Cricket for beginners

One of Dominica’s national sports, cricket can be confusing to the novice. Here we explain the ins, outs, and the innings.

Dominica’s Windsor Park Stadium has been host to a number of first-class cricket matches including Test matches and West Indies vs India, on June 2011,  Check out upcoming games on our Events page.

Cricket is defined as “a bat and ball, team game played during the summer in the British Isles and in several countries influenced by the British, such as Australia, New Zealand, India, Pakistan, South Africa, and West Indian nations”.

Cricket is played between two teams of 11 players on a grassy field, in the center of which are two wickets – the equivalent of baseball’s ‘bases’. When a team is ‘in’, the other team attempts to get each of them ‘out’. Then the team that was ‘in’ is ‘all out’, and takes its place in the ‘out field’. The team that was in the out field in turn goes ‘in’ until they too are ‘all out’. This process (an innings) may be repeated once more (a match can last one day or take as many as five).

The team with the highest number of runs (points scored primarily by running between wickets after hitting the ball) wins the match, after which the players and spectators recover from the confusion over a beer in the pavilion, crickets equivalent of golf’s nineteenth hole.


Cricket being played in the Roseau Botanical Gardens

Cricket being played in the Roseau Botanical Gardens

Cricket afficionados will tell you that one subtle difference between their sport and baseball is that the ball can bounce before the batsman hits it. This bouncing is called a pitch, but the player bouncing it is not called a ‘pitcher’ like his baseball equivalent. He is the bowler, and must keep his arm straight when releasing the ball, which he aims at the batsman’s wicket (or base). The wicket consists of three upright wooden sticks so placed that that the ball cannot pass between them. Wooden bails lie in grooves on top of them. When hit by the ball the whole arrangement collapses, indicating the batsman is out. At this point the next team member comes in to bat.

The act of bouncing the ball on its way to the batsman allows the bowler to impart movement to the ball, with the intention of catching the batsman unaware. This movement, or spin, may cause the batsman to misjudge the flight of the ball, resulting him to mis-hit into the waiting hands of a player from the opposite team, or even to miss it all together. A collection of six balls (‘deliveries’) is called an over; one delivery in an over can be aimed at the batsman’s head. This may cause the watching public to mutter ‘that’s just not cricket’. Which, of course, it is.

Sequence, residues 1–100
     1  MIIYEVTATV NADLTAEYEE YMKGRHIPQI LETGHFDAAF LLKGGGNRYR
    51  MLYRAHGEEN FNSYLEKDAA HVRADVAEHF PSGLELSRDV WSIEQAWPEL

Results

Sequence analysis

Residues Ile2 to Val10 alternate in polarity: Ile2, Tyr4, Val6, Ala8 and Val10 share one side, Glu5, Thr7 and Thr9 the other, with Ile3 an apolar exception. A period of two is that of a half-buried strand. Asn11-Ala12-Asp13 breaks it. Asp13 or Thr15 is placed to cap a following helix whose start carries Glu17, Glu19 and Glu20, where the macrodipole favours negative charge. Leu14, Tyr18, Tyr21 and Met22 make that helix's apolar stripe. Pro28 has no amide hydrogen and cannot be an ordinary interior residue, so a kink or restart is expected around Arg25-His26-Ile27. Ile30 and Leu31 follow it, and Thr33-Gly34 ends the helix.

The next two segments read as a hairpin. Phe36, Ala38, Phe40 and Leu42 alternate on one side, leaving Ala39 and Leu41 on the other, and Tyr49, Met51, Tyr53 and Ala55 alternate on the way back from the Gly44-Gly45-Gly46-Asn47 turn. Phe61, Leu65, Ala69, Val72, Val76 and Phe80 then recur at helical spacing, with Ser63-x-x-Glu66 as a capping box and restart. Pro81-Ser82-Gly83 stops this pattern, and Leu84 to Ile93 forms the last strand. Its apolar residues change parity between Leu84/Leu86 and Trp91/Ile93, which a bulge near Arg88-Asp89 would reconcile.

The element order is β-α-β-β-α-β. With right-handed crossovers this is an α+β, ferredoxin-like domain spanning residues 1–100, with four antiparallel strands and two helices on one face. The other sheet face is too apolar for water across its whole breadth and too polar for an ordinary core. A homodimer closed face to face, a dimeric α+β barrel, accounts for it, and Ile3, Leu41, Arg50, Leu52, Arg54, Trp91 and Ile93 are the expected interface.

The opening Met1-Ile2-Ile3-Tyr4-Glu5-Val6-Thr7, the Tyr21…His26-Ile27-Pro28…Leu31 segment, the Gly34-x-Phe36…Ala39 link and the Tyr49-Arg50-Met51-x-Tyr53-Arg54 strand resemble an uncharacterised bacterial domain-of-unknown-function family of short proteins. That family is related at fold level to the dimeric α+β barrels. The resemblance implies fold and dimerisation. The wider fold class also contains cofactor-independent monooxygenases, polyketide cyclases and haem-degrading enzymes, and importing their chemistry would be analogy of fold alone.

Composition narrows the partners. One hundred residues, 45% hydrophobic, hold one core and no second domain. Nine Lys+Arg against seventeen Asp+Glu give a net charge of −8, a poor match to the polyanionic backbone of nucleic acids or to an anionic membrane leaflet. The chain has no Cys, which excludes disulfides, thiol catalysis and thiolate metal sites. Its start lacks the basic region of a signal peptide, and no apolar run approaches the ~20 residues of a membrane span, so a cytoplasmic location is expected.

According to the speed (pace) and movement of a ball, the batsman has various options. He may drive it along the ground, lift it into air, or flick it to the side or behind himself. Alternatively, he may use the safety pads on his legs (or arms) to stop or deflect the ball. This is risky because it will invariably prompt the bowler and his team to shout ‘Howwizzzahhtt!’. This means something like ‘How does that look to you Umpire – is he out?’ and is usually ignored by the umpire (referee) unless he judges that the ball would have continued on to hit the wicket. Then the batsman is given ‘out’ and the bowler’s teammates smugly feel that their banshee scream was justified. If the batsman is out without having scored a run, this is a duck and his embarrassment is compounded.

On the edge of the field is the boundary. If a batsman hits the ball to this boundary he is awarded four runs. If it does not bounce before doing so it is six runs (and stands a good chance of hitting a spectator).

The field itself is divided into two halves, the on side and the off side. ‘On’ is synonymous with Leg, and represents the side of the field to the left of the batsman as he faces the bowler or opposite wicket. Presuming of course he is righthanded; if not, everything I’ve just said is reversed.

Fielders are placed at strategic positions (in order to both stop runs and to catch a batsman out if possible) and these positions have distinct names. For example, the long off position is near the boundary, far away from the batsman to his front and right, while silly mid-on represents a position of extreme danger, as the name might suggest, being as it is immediately to a batsman’s left. A square leg says more about where one umpire stands rather than how he is standing, while backward point or deep fine leg says nothing about any mental or physical ability at all.

Indeed. It has been said that the amount you know about cricket is inversely proportional to a greater understanding of how to play. Worry not about the rules, teams or results but instead treat the whole experience as a strange and fascinating ceremonial ritual.

First Test West Indies v India – Jul 6-10, 2011
Test West Indies v Zimbabwe – Mar 20-22, 2013
First ODI West Indies v Bangladesh – Jul 26, 2009
Last ODI West Indies v South Africa – May 30, 2010
First T20I West Indies v New Zealand – Jul 5, 2014 Scorecard
Last T20I West Indies v New Zealand – Jul 6, 2014 Scorecard

At a Glance

“in” Team – the batting team

“out” Team  – the bowling team (out in the field)

Innings – the change over each team makes from being “in” to “out”

Bowler – the person who throws (with a straight arm) the ball towards the batsman (his team is the ‘out’ team)

Batsman – the person batting (his team is the ‘in’ team)

Wicket – consists of three upright wooden sticks which when knocked over means the batsmen is out

Runs – points scored primarily by running between wickets after hitting the ball

Pitch – ball being bounced towards the batter by the ‘bowler’

Pace – speed of the ball

Over – a collection of 6 balls (deliveries)

Umpire – referee

Boundary – edge of the field